Why You Just Can't Compare The Great Recession to The Great Depression

Why You Just Can't Compare The Great Recession to The Great Depression

Economists first named a period of time the Great Depression in 1893. In 1933 they changed their minds.

Throughout modern economic history, the business cycle has experienced an abnormally severe downturn about every 75 years -- roughly once per generation. In 2007, it was the current generation's turn. It's in this context, with a multi-generational perspective, that we can recognize just how much worse the economy could be.

They psychology of business leaders

Today's economy is sluggish, but more significantly it feels sluggish in the minds of business leaders and decision makers. The recovery has been a long, grinding, fight just to stay above water. GDP growth is advancing painstakingly slow. The unemployment rate is frustratingly high. Cash flow remains tight for many businesses and families. It's been this way for more than five years. It feels like it will never end.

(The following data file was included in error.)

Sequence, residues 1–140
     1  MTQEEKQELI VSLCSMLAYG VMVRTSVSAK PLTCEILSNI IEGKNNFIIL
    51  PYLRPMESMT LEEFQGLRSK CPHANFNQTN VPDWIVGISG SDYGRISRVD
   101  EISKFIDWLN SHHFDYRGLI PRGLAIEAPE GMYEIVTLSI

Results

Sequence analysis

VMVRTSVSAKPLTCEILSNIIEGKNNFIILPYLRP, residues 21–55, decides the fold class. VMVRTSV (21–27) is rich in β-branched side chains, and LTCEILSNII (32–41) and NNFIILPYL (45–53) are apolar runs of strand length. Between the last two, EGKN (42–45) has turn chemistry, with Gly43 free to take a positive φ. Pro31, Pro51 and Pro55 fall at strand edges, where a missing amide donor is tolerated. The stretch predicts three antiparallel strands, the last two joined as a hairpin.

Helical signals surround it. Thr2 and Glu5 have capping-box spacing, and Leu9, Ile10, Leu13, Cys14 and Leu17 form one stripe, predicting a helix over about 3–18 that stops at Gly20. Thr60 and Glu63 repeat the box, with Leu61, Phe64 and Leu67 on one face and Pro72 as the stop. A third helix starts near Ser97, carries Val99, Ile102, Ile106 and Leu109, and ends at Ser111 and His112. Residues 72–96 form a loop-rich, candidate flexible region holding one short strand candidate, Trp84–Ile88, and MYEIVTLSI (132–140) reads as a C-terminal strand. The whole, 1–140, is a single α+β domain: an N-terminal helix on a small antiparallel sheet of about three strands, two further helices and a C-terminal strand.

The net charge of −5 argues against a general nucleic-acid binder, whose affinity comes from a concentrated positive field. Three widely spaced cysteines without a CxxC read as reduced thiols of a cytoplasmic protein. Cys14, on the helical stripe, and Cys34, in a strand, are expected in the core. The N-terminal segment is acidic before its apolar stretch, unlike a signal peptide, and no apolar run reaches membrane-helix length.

This is the reality, the backdrop, against which business leaders are making decisions. Decisions that have the potential to create the self-reinforcing growth we need.

The economy, like it or not, is a very sensitive animal. It feeds off of the psychology of businesses and individuals. The danger for businesses today is failure to act in the face of today's adversity, be it for fear or pessimism or shortsightedness. The economy needs a collective dose of optimism.

It's too easy to miss that the economy is, in fact, growing. The industries most affected by the crisis and recession are slowly but surely getting back on their feet. There are rays of hope peeping over the horizon. Today's struggle is, by historical standards, ephemeral.

That's right, the American economy and the American people have been through worse and come out stronger for it.

Today corporations are sitting on trillions of dollars of cash. This is money that could be deployed for the future -- money to renovate facilities or machinery, to enhance processes and operations, to train employees and better productivity. This is cash that can fuel GDP and the labor market. What's holding it back? The psychological impact of five years of a painfully slow and fragile recovery.

In the video below, I will walk you through a comparison of the economy today versus what it was like the last time we experienced a once-in-a-generation downturn. To me, this is cause for optimism.

The U.S. is not out of the woods just yet, but I remain confident for the long term. I hope business leaders will be as well.

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Originally published